(Reuters) - LA Lakers owner Jeannie Buss said on Friday, the Juneteenth holiday, that she is no longer willing to ignore hate and called on white people to come together and acknowledge the racism that exists in the United States.
Juneteenth commemorates the U.S. abolition of slavery under President Abraham Lincoln’s 1863 Emancipation Proclamation, belatedly announced by a Union army in Galveston, Texas, on June 19, 1865, after the Civil War ended.
Thousands marched through U.S. cities on Friday, capping nearly four weeks of protests and national soul-searching sparked by the death of a Black man, George Floyd, under the knee of a white police officer in Minneapolis.
In a post on Instagram, Buss shared a picture of a note containing offensive language from a person named Joe, who described himself as a “huge Lakers fan”, that she said she received on Monday.
The note, which opens with the words “Dear whore”, tells Buss to “go to hell and join Kobe Bryant.”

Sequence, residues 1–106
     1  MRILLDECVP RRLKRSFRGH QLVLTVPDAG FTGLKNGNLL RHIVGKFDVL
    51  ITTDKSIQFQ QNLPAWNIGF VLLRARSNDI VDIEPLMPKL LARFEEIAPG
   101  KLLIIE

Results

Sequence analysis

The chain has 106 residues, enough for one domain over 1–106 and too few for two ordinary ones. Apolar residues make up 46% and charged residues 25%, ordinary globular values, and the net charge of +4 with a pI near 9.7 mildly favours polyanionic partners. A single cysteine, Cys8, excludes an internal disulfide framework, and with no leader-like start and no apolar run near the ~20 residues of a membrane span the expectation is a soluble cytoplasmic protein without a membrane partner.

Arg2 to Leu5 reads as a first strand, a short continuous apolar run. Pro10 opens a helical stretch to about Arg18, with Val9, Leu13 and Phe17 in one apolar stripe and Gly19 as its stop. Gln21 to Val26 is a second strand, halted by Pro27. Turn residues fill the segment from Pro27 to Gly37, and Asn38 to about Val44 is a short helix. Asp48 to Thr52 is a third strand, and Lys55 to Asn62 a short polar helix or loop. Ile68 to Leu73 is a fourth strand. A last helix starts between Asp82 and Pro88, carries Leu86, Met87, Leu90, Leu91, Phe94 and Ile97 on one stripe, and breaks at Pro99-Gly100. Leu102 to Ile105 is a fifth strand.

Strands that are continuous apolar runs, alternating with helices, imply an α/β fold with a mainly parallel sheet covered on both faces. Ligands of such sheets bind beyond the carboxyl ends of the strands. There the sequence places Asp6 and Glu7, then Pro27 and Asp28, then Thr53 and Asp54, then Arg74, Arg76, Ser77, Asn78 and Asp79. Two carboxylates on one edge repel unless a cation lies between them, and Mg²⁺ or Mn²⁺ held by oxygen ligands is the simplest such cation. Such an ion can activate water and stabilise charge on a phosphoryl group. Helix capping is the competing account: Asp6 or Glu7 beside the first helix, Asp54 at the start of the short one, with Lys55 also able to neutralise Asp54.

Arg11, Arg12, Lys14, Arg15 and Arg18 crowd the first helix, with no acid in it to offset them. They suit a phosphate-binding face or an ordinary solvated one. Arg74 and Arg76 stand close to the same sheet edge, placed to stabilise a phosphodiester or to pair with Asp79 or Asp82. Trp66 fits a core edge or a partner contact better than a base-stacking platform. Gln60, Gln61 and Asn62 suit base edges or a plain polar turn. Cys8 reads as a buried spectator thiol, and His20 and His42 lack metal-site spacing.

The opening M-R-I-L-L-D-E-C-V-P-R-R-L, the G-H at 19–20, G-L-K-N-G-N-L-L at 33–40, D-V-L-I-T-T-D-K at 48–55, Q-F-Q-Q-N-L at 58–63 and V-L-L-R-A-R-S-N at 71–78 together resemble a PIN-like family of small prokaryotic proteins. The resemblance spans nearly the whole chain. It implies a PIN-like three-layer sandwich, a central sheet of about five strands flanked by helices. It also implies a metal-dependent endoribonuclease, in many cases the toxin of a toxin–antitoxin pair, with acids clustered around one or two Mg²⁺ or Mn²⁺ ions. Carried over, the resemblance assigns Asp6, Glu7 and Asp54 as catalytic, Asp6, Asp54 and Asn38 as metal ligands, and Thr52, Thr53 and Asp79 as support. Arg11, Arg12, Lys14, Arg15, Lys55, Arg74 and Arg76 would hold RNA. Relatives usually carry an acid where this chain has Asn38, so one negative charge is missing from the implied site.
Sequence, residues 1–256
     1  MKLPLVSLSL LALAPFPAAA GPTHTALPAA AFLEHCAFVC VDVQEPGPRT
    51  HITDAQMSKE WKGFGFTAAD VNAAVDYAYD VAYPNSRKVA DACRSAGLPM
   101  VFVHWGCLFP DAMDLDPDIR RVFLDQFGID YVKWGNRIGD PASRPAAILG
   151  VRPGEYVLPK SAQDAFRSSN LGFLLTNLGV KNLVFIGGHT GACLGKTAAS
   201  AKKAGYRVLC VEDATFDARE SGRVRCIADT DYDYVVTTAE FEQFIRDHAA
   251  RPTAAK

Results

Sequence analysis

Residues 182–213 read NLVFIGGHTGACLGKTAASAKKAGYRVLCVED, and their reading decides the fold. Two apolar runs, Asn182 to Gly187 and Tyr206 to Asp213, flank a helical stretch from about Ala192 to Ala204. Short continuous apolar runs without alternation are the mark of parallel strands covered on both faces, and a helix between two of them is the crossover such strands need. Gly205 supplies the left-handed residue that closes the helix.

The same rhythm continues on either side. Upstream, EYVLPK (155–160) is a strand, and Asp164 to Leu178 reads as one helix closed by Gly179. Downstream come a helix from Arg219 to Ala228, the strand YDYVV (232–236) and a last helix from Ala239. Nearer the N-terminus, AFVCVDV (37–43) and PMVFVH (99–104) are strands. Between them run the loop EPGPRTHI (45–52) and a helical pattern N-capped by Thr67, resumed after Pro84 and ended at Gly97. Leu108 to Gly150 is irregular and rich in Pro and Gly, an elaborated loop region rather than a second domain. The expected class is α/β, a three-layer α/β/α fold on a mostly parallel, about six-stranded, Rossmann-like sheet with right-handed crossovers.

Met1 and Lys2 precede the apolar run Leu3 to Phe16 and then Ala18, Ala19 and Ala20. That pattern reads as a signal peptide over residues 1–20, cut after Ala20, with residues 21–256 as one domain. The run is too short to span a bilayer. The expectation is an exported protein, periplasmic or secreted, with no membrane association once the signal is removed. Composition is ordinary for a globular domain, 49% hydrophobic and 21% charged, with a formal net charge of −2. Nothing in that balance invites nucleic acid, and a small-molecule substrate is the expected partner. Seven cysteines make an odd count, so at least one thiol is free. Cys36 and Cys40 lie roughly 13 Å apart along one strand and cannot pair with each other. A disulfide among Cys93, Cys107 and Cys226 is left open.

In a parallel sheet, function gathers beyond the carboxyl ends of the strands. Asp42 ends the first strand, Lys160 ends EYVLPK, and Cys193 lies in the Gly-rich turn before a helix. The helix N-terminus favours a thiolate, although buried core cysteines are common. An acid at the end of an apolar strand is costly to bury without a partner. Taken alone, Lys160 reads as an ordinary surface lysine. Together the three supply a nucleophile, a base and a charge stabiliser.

The picture here contains three words that have been blacked out with a marker pen, including what appears to be a strong racial slur as well as the surname of the person who sent it.
“After much thought, I decided to share this letter I received on Monday so that everyone can see the hate is real and living out there. This is happening in our world TODAY. Its real and it exists,” Buss said in a post accompanying the picture.
“I have received letters like this over the years. The advice I always got? “Ignore it.” I did. But not anymore.
“On this day, Juneteenth, I ask my white friends to join together, acknowledge the racism that exists in our country and around the world, and pledge to stop ignoring it. We all must do better.”
Reporting by Simon Jennings in Bengaluru; Editing by Frances Kerry
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